Have you been introduced to Carol Dweck’s research and writing yet? It was the topic of schoolwide study recently at Canterbury School here in Fort Wayne, Indiana. She’s also been featured in New York Magazine, the Wall Street Journal, Good Morning America, Time magazine, NPR…the list goes on.
Dr. Dweck’s premise is simple, but life-changing:
“In a fixed mindset, people believe their basic qualities, like their intelligence or talent, are simply fixed traits. They spend their time documenting their intelligence or talent instead of developing them. They also believe that talent alone creates success—without effort. They’re wrong.
“In a growth mindset, people believe that their most basic abilities can be developed through dedication and hard work—brains and talent are just the starting point. This view creates a love of learning and a resilience that is essential for great accomplishment. Virtually all great people have had these qualities.”
The world-renowned Stanford University psychologist has been a resource for professional athletes, business leaders and educators seeking their own improvement or to motivate others to develop to their fullest potential. And her theories work.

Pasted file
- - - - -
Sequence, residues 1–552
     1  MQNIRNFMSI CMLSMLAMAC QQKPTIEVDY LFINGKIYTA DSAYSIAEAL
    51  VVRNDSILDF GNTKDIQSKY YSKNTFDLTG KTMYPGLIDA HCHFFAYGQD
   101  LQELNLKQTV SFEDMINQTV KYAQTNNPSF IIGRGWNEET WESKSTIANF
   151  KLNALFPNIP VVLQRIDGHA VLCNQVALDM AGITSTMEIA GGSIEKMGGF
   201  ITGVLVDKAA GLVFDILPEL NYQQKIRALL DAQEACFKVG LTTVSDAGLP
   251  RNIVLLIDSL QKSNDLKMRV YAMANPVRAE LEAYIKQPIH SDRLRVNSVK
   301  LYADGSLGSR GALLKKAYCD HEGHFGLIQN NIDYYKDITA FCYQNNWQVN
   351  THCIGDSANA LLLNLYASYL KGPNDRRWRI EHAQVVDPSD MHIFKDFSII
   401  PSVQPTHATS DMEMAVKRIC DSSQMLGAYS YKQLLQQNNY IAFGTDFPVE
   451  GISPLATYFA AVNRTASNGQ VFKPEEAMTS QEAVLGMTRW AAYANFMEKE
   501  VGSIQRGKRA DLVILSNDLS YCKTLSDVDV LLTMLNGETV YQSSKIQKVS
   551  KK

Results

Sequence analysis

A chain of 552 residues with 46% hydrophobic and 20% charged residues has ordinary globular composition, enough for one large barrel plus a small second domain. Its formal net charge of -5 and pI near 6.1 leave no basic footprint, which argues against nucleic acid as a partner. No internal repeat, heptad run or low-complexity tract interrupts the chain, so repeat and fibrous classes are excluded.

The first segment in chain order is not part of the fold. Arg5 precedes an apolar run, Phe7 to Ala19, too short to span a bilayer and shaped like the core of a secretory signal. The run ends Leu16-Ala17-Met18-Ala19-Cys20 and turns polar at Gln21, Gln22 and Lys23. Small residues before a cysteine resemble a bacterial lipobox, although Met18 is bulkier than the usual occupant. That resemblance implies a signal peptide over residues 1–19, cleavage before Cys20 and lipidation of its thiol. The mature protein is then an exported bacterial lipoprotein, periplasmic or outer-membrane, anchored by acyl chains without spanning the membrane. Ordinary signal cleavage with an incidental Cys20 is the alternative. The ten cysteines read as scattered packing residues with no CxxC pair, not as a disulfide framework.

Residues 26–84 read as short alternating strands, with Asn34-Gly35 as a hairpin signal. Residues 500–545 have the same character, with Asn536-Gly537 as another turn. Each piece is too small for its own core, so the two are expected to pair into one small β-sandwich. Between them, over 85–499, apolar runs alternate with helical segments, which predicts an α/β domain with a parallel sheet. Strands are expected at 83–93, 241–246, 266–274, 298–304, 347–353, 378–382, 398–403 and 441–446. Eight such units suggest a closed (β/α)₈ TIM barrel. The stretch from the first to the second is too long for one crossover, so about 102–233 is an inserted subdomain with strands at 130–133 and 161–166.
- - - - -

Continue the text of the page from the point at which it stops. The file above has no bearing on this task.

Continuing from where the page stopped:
After all, if you believe that you just weren’t born with certain skills or abilities, then why would you even continue to try? But if you believe that you can improve your skills or abilities and better yourself, regardless of your raw material or starting point, then you have some impetus to try. This is true whether you’re trying to improve your batting average to achieve National League status or you’re trying to improve your leadership skills to land a new job.
Fear can be a hindrance—if you try, there’s a chance you might fail. But through her website and her book, Mindset, Dr. Dweck teaches readers how to view failure differently, to look at it as a learning opportunity and a necessary part of improvement and achievement. Really, there’s nothing left to lose with a growth mindset, because trying harder and failing along the way isn’t losing.
Take a look at how this influences your own thinking. Do you believe that your career choices are limited by your existing skills or expertise? Do you think that you have to already be perfect or have all the knowledge or talent necessary to say yes to a promotion or new opportunity? That’s a very limiting position: If you are all that you’ll ever be, how can you hope to advance or progress?
Dr. Dweck’s proposal can be a little scary at first to those who are opposed to risk or setbacks. But once you realize that the greatest thinkers in the world, such as Thomas Edison, regularly had to try, try again, that a learning curve is expected, it can be quite liberating. It’s the opportunity to explore, to discover, and to quite possibly uncover a new talent along the way. If you’re not sure how to begin, we at Merrfeld can help you look at how your mindset might be constricting your life, shake off perfectionism and setbacks, and consider the potential!